A little at a time is fine, it’s good to press just a little. Movement has always been my friend, keeping my mind occupied and pain pushed back into a box in the corner. I promise myself I will just do one thing and then lay low.

But it has only been three days since the injections, and I have never been good at stopping. I have never been balanced or metered in my approach to quick/little/easy tasks, frequently stoping only because I collapse in fatigue, or more likely because I have been caught in the act by my family and marched back to bed.

It’s rainy and grey outside of my window. Inside in this soft bed I am struggling to keep my eyes open, surrounded by warm, adoring pups curled close to my body. Their rhythmic and relaxed breathing, their complete and easy surrender to a day of slumber make me smile and I feel my own self surrender too.



Spine tingling

I have to be talked into wearing clothes home. Between the cold comfort of the ice pack against the injection sites at the base of my spine, the loosely fitting, hind view offering, billowy sexiness of my johnny, and the box cut mesh one size fits a walrus state offered panties, I am loath to move and feel that sweeping nausea that accompanies anesthesia rise up to greet me.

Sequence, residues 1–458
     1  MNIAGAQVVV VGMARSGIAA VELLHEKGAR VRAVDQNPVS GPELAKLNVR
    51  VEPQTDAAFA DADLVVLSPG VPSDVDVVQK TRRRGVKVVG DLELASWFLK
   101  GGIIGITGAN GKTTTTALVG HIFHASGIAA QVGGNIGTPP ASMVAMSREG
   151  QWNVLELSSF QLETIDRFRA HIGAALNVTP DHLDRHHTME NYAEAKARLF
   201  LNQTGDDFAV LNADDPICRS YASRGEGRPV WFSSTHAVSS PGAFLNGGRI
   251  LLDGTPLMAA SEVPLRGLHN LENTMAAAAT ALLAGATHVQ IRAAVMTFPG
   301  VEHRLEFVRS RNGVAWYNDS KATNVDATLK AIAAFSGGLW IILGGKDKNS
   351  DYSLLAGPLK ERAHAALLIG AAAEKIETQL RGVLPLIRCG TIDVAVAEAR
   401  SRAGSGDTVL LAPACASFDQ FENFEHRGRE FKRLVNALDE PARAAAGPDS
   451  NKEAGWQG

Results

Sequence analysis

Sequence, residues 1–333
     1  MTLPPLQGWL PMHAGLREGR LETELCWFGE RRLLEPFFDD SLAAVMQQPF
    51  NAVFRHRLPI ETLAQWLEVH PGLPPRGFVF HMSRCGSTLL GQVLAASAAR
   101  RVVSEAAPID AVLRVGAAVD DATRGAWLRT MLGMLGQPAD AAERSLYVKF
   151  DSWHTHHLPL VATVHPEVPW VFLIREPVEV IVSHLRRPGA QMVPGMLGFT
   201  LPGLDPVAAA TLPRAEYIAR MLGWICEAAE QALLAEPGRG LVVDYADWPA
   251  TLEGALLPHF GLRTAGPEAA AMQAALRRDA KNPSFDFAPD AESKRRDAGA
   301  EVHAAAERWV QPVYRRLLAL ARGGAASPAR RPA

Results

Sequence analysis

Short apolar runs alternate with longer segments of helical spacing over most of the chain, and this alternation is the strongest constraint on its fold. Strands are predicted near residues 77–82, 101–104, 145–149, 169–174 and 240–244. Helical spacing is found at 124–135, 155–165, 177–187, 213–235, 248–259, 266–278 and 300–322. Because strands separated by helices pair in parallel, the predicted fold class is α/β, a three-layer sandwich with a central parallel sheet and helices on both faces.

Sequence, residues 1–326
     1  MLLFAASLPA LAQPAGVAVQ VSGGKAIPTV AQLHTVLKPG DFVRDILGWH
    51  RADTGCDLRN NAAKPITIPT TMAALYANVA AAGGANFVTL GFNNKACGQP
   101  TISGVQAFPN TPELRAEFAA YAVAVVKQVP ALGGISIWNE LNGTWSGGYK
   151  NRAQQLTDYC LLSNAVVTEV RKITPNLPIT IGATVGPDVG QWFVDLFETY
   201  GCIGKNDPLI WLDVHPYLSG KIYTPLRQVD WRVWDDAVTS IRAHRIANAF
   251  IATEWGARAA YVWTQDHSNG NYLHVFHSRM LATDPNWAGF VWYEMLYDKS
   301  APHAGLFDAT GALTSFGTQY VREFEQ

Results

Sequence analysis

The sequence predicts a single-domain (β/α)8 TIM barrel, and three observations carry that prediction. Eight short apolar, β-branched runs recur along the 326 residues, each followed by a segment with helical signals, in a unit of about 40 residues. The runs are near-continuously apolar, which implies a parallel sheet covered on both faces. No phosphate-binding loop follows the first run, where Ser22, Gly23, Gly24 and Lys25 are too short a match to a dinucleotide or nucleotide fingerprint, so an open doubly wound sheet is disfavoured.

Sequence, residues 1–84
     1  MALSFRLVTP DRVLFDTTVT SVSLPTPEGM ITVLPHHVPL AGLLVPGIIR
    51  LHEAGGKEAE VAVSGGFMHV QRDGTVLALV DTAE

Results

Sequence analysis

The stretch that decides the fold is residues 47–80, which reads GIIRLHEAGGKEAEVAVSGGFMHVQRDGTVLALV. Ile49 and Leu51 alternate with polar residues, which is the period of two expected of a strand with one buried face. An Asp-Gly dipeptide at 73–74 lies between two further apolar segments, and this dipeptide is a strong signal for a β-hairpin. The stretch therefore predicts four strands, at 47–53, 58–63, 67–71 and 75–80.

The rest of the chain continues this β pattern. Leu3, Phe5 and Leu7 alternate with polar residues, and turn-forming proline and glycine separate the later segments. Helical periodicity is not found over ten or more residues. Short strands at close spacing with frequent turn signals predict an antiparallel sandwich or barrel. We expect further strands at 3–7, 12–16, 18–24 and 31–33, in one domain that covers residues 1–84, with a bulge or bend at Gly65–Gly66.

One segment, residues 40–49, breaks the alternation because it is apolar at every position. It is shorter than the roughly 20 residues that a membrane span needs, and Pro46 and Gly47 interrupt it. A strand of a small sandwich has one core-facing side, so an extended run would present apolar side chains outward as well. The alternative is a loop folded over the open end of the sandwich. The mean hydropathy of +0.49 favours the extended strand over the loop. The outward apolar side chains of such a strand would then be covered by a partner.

I am assured that green is a good color on frogs, trees, and grasshoppers, less so on me.

I am also encouraged to leave since apparently I get “chatty” under the influence and it’s just possible I’ve said things that are making it difficult for the staff to make eye contact with me. Things along the lines of ancient curses on the asses of those present while I screamed from the lightening bolt strikes of nerves meeting needles. The authorities may also have been alerted to a possible “situation with an unruly patient”.

I tried asking around to see who was causing all the trouble so I could see for myself and maybe get a good blog out of it but an orderly leaned close, cleared his throat and quietly explained that I was the patient in question and that he was the one who lost the staff pool and had to wrestle me into clothes and wheel me out one way or the other.

So here I am. I’ve been shot four times (injections to be honest), and dressed by a stranger who has asked me to leave his name out of anything I write because apparently he has “standards”.

I’ll be deposited into my own soft bed and packed in ice for a few days, sleeping and hugging a bucket. But by the weekend you can be damn sure I’ll be ready to be set loose on the world. It’s been a spine tingling experience. For everyone within ear shot.

To find grace

Sometimes it’s more challenging than others to mindfully move towards constructive thoughts, to focus forward and keep taking steps in that direction. My mind and my body and my emotions at war with each other.

Most of my day flowed like so much water, little effort needed to navigate the tasks and the hours. Abruptly the course of my river changed direction and I have struggled to reseat myself on this new current, to find grace in my body and spirit with so much tumbling against stones.